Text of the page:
Lots of product design and car companies want to make customers happy (and thus buying their products) but few place as much emphasis on that as Honda. Chief of Design Tsuyoshi Matsuhashi says that “Honda wants to design happy life moments for its customers.” Judging by the reaction at Tokyo, Honda’s Sports EV Concept made a lot of people very happy indeed.
Founder Soichiro Honda was an engineer, a designer and an eccentric, in the nicest possible way, and we suspect he would be very pleased with the cars and mobility solutions Honda showed at Tokyo this year. Alongside the Sports EV concept, Honda also launched an autonomous driving section of your house complete with animated story. But it was the Sports EV that caught our eye.
The launch of the Sports EV continues the design direction debuted at Frankfurt earlier this year with the Urban EV Concept. Honda Design has found its groove again.
The launch of the bold new Civic last year hinted that design was in the ascendant at this venerable company, and this pair of concepts confirm it – Honda is using design to make its customer happy again.
The Sports EV clearly resembles the S600 from 1964, which sits proudly at Motegi in the Honda Collection. It is small, well-proportioned and looks a lot of fun. The Urban EV also references past products, nodding to the original Civic, but there is more than nostalgia going on here. Many of the concepts we see which try to predict the future of mobility look fairly aggressive, but Honda’s designers have put some cuteness back into driving.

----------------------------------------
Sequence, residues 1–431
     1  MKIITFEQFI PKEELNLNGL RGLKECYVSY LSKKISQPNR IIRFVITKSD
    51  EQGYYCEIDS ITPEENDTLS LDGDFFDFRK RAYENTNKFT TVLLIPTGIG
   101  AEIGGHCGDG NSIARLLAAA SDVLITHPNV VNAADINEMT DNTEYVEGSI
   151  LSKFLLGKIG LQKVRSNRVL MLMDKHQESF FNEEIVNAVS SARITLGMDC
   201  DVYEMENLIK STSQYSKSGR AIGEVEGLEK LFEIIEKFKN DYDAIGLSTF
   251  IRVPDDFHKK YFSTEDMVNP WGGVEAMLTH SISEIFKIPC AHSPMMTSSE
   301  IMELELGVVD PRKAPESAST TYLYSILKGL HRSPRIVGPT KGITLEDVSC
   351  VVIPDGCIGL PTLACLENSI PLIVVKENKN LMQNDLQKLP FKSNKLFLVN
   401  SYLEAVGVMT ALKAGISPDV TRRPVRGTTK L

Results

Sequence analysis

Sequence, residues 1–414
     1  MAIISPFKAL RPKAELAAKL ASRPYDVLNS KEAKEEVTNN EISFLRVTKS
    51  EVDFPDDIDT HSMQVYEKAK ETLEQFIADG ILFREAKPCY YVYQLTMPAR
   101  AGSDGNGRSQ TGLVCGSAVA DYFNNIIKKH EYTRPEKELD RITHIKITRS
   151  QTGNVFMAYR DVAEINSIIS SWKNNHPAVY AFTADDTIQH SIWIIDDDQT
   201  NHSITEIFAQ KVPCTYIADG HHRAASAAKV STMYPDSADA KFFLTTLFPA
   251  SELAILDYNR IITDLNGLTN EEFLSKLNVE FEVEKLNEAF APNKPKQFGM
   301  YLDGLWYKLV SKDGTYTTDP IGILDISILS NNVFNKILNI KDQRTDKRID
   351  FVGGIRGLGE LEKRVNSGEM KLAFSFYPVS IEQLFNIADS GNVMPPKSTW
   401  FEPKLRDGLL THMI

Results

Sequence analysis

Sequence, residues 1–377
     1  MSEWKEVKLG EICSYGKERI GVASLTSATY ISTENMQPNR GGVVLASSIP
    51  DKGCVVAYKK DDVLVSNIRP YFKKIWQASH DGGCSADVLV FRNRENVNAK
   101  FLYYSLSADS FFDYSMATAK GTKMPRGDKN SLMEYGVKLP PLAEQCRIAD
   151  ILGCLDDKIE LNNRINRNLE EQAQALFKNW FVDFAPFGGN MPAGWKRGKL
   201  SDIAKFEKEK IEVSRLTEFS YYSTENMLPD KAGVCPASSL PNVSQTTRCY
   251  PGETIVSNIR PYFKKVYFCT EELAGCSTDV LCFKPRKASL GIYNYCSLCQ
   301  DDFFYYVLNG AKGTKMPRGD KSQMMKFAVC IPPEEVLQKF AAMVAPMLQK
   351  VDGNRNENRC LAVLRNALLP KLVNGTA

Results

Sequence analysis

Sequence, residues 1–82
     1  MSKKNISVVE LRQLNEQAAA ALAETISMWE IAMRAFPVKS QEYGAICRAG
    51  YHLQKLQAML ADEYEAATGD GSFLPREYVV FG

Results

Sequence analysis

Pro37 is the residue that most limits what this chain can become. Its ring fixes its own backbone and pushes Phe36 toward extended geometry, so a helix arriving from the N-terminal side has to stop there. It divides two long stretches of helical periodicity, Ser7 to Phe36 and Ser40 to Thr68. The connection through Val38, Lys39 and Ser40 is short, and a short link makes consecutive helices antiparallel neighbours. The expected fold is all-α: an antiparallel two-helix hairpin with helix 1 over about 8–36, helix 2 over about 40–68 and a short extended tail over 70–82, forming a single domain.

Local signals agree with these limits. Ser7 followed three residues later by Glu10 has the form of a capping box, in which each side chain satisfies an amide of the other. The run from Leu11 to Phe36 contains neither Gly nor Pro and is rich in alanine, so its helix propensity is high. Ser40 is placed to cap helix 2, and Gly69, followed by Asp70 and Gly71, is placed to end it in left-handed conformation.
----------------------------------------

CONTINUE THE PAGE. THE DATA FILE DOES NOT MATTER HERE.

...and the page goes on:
Someone at the show commented that the Sports EV looked like Asimo, Honda’s now elderly robot, and you can tell they are from the same design family. The rear view arrangement looks like a robot in standby mode.
The front view of the Sports EV is more alert, though. Very friendly, round graphic lights sit either side of the black faux grille area with clear charge information displayed between the graphic headlights and the Honda logo sitting in the centre, linking it all together. The curve of the grille area smiles cheerfully, while giving you helpful information in a very clear way.
In profile, it has very sporty proportions. The long bonnet, set-back cabin and wraparound glasshouse arrangement pulls the eye back, making it look like it is sitting on its haunches, eager, and ready to spring forwards. Unusually too, the B pillar wraps around the all-glass roof.
The use of a single blue colour for the charging information, used almost as an accent colour on the side strip between the wheels is simple and compelling. Unlike the Urban EV, which featured unusual white wheels, the Sports EV wheels are more conventional and convey performance, but it shares the clean exterior design and absence of bling with the Urban EV.
Door handles are flush to the door, but show a trace outline, so you don’t have to struggle to find them.
On the stand following the launch, Makoto Iwaki, Honda’s Creative Executive Director told CDN that they were quite nervous about pursuing this design direction [of the Urban EV and Sports EV] because it looks so different to anything else being launched at the moment. We say: different is good.